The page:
Sources close to Prime Minister David Cameron said that it was down to Entwistle's "conscience" whether he accepted the £450,000 pay-off - representing a year's salary - despite him serving only 54 days in the job.
But the BBC Trust has insisted the settlement "was justified and necessary".
Entwistle quit on Saturday (November 10) after a Newsnight report earlier in the month led to former Tory treasurer Lord McAlpine being wrongly accused of child abuse.
According to Number 10, Cameron feels that it is "hard to justify" the pay-off to the former director general, but the prime minister is taking a "hands off" approach to the matter.
But Labour has branded the pay-out "not justifiable", and has secured permission to ask an urgent question in the Commons at 3.30pm today.
Culture secretary Maria Miller said that the BBC Trust must give justification as to why Entwistle should get double the six-month severance payment that he is entitled to under his contract.
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"This is a large amount of money, and tough to justify considering the circumstances of Mr Entwistle's departure and his contractual arrangements," she said.
"The Trust will need to justify this - it is accountable to licence fee payers in ensuring value for money, and we expect it to have considered that carefully."
However, the BBC Trust has said that the size of the pay-off to Entwistle reflected the fact that he would continue to support the BBC, including on two major inquiries into the Jimmy Savile sex abuse allegations.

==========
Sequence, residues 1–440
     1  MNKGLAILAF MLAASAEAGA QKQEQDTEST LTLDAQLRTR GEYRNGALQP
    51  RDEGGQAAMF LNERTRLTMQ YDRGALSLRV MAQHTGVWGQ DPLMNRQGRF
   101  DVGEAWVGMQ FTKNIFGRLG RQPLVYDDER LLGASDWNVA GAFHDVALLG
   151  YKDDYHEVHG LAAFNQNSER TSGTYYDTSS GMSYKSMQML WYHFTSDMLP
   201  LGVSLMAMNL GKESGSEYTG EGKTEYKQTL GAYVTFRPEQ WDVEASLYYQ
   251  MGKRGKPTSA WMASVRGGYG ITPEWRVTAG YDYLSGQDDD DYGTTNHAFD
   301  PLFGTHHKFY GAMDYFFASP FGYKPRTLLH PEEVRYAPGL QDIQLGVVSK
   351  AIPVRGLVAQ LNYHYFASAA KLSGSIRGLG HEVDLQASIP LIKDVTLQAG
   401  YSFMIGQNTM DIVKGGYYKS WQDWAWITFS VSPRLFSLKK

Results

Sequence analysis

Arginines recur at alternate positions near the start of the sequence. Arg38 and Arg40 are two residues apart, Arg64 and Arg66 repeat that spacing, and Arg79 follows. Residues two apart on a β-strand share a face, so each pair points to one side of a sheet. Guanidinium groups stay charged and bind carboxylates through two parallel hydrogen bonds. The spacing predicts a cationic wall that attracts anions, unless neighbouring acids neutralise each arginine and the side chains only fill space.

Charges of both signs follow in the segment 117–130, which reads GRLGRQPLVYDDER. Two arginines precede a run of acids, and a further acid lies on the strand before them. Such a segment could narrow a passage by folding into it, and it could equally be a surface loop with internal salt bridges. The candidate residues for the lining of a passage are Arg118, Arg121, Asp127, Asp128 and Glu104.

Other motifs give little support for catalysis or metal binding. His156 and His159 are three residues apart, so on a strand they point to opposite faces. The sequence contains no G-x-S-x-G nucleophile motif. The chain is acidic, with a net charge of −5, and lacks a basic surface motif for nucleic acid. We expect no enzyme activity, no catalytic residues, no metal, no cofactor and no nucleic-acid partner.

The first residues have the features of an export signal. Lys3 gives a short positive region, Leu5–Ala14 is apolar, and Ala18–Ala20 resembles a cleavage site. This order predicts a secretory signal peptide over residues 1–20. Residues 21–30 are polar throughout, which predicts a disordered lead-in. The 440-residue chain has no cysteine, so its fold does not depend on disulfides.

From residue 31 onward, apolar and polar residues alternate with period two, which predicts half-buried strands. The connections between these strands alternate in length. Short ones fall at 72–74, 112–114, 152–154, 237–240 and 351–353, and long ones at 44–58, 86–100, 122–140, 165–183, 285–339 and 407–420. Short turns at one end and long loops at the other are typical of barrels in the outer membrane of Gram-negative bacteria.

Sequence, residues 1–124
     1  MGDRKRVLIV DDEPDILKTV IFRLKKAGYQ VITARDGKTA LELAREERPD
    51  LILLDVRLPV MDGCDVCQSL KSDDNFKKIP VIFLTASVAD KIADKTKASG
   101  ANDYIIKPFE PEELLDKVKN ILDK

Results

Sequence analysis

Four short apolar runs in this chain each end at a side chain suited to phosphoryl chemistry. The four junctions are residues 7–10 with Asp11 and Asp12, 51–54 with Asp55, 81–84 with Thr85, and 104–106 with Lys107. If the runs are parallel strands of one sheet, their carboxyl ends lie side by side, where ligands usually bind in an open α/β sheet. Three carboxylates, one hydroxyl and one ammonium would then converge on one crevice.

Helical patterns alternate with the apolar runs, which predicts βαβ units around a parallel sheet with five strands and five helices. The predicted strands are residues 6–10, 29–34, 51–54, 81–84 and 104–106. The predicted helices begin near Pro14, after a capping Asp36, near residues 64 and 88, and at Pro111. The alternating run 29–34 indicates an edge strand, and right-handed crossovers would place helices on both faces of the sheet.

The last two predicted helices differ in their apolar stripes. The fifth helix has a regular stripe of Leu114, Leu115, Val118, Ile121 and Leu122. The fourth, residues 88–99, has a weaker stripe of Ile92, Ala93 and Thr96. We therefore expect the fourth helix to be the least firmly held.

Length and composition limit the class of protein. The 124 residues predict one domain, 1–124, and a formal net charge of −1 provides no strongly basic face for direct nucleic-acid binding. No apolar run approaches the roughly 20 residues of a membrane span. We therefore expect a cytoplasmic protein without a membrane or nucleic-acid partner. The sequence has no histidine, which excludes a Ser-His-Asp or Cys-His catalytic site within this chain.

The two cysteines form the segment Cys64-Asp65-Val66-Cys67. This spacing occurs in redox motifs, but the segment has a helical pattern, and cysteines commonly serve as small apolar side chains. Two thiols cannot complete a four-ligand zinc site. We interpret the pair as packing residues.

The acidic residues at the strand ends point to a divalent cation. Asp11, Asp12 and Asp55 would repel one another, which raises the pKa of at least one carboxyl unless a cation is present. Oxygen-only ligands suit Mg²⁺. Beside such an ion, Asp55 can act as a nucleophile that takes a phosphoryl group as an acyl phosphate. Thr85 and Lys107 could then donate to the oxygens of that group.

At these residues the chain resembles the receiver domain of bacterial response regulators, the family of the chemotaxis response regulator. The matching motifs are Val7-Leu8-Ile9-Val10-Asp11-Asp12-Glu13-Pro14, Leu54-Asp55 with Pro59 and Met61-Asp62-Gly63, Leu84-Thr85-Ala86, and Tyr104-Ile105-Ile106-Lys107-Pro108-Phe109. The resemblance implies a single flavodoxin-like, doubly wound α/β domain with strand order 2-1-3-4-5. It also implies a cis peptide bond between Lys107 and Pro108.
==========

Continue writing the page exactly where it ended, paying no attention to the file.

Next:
BBC Trust chairman Lord Patten has also written a letter to John Whittingdale MP, the chair of the Commons culture committee, in response to criticism of the Entwistle pay-off.
He says in the letter that "a settlement on these terms was justified and necessary".
"In circumstances where we needed to conclude matters quickly and required George's ongoing co-operation in a number of very difficult and sensitive matters, including the Inquiries into issues associated with Savile, I concluded that a consensual resignation on these terms was clearly the better route."
He adds: "I consulted my colleagues on the Trust's Remuneration committee and took legal advice. Our conclusion was that a settlement on these terms was justified and necessary. The alternative was long drawn-out discussions and continuing uncertainty at a time when the BBC needs all of its focus to be on resolving fundamental issues of trust in BBC journalism."
Tim Davie, the acting BBC director general, has said that the Entwistle pay-off is a matter for the Trust to address.
Davie stressed that "an honourable man" had left the BBC, referring to Entwistle, but noted that his job is now to get a "grip" on what is happening.
Speaking to BBC News, Davie also said that the most recent events must not overshadow the serious allegations of child abuse involving Savile that are currently being investigated
"We shouldn't let events take over what are serious allegations against Sir Jimmy Savile, which is the bigger issue," said Davie, who was named the new boss of BBC Worldwide before this controversy broke.
Also today, BBC director of news Helen Boaden and her deputy Stephen Mitchell have "stepped aside" pending a review of Newsnight's decision to drop a report into the Savile allegations last year.